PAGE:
Hammer to Fall (The Joe Wilderness Novels)
“The final scenes lead dramatically to a high-tension Cold War quandary that promises more to come in this entertaining series.”
John Lawton’s British detective fiction has reached the height of being predictably stirring, powerfully written, and cleverly knit together in terms of both plot and the painful personal wounds of World War II. Number eight in his Inspector Troy series won high acclaim and appreciation.
Now his second series, featuring MI6 spy Joe Wilderness, digs into London life (and murder) in the 1960s. Hammer to Fall is the third to feature Wilderness, whose previous lives as a cat burglar and then a coffee smuggler in divided Berlin give him skills the espionage agency is glad to take advantage of. As Joe himself describes his position, “He still told lies, but now he lied for England. And of course he lied to England.”
But now, having lost or misplaced a Soviet agent from a Berlin handover, Joe gets a brief visit home to his wife and kids, then a “punishment” assignment to terrain where it’s assumed he can’t or won’t get into diplomatic trouble again: remote northern Finland, trapped in Arctic weather and half-year darkness. What Joe’s superiors neglected to consider, though, is that Finland shares a border with the Soviet Union, and both smuggling and the presence of spies quickly re-enter his life. What, you thought he’d be happy just showing British comedy films from a generator-powered projector in frozen villages? Not Joe.
To his astonishment, a Soviet officer pops across the border to make a cash offer to him, presumably for some of the vodka he’s now smuggling. It’s the Russian Joe knew in the past as Kostya, and when he reports the contact to his local espionage ally, nothing makes much sense:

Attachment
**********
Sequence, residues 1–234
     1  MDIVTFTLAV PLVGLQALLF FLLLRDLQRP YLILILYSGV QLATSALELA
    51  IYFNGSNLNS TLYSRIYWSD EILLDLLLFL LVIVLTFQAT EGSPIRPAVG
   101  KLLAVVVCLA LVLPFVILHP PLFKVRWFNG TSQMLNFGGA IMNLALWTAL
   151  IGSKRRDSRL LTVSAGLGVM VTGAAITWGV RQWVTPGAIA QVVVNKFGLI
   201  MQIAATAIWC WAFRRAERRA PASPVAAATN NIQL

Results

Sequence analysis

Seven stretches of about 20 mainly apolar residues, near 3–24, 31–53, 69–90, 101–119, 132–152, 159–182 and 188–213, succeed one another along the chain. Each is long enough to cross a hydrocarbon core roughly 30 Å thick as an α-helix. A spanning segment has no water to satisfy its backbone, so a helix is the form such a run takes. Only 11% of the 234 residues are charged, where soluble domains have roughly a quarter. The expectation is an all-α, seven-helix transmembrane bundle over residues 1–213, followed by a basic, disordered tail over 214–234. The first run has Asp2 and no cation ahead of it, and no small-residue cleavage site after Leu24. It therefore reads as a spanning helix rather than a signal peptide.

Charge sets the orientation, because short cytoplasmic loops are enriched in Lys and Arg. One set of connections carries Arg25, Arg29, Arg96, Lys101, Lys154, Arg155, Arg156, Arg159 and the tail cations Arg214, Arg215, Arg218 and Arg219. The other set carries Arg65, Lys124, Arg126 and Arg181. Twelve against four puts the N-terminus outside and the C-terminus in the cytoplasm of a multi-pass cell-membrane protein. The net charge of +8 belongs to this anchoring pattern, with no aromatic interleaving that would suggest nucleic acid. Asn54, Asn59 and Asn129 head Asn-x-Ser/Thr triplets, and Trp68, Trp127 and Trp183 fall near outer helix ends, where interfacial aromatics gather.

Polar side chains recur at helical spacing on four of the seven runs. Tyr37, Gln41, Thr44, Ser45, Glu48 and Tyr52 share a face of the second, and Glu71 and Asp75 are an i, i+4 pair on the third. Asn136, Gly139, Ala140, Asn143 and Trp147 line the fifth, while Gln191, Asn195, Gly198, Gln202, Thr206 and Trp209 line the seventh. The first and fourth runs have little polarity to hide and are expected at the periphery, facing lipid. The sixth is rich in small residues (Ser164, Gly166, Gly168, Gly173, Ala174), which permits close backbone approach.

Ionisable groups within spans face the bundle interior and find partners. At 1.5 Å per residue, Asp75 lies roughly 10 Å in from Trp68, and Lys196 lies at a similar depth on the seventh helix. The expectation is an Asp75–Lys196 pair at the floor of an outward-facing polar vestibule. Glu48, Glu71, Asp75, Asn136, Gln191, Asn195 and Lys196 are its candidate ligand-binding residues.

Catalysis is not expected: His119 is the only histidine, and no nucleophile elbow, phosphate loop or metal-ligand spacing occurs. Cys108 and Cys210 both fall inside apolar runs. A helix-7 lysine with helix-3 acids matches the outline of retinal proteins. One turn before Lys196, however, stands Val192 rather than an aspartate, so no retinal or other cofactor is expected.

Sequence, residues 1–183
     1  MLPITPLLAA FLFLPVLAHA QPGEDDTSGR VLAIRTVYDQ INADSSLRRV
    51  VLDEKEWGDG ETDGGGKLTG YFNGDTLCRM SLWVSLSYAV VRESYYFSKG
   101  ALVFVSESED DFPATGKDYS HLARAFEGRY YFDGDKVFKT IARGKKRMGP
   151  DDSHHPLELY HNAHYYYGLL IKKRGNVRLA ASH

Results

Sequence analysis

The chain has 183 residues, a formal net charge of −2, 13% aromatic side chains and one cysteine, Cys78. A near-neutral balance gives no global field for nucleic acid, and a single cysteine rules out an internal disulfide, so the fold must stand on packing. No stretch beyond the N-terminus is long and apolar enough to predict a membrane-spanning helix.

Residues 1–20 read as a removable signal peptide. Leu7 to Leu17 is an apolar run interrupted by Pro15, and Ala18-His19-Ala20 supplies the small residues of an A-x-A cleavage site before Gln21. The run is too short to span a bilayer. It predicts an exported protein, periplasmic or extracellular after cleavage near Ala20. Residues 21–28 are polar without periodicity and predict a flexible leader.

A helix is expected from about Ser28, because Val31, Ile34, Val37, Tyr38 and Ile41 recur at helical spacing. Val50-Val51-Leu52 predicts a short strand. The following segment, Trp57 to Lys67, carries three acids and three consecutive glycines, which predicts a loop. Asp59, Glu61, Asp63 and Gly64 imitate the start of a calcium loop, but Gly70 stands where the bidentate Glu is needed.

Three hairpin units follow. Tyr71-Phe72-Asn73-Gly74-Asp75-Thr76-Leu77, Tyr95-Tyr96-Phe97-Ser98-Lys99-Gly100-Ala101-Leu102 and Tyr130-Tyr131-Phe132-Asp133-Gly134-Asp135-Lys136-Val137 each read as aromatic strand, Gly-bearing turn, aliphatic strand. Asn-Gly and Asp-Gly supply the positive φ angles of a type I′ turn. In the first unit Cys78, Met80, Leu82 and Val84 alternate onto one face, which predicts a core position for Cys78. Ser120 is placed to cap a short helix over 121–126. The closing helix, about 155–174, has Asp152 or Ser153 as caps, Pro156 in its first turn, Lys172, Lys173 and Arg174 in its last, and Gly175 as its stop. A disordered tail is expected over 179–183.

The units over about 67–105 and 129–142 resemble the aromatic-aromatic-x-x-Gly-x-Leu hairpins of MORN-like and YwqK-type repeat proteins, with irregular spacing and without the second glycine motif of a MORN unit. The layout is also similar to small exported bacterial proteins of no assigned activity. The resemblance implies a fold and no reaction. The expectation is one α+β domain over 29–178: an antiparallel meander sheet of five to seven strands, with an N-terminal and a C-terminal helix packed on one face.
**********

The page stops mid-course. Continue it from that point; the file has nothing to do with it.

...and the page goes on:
“Pastorius pulled a face. Wilderness knew why and spoke for both of them.
“’It doesn’t ring true, does it? American dollars? Sounds like a seduction. Visiting in person when he could run all this from Russia, and if not from Russia then from some spot only metres from his hole in the fence? He may well want the vodka, but it’s handy cover for what he’s really after.’”
While Joe works out the real goal of Kostya’s Finland visits, he opens up a crisis with major wartime and destructive implications. Meanwhile, Lawton layers in scenes from Vienna, where a former and significant flame of Joe’s is also working along the frayed edges of diplomacy and espionage: Nell, whose loyalty is now to a German leader on the rise, Willy Brandt. The passages don’t always work well in parallel—too often, Lawton allows disconcerting lurches of motive and suspense as he skips from one locale and persona to the other—but when the action becomes intense, the powerful attraction between Joe Wilderness and the love of his past raises everyone’s risk levels, and promises both crime and murder in the run-up to the Cold War’s “Prague Spring.”
As a crime novel or work of espionage, Hammer to Fall isn’t a simple read. It demands some historical grasp of the reader, and patience with the curling plot. But there are intermittent sweeteners of humor and affection, and the final scenes lead dramatically to a high-tension Cold War quandary that promises more to come in this entertaining series.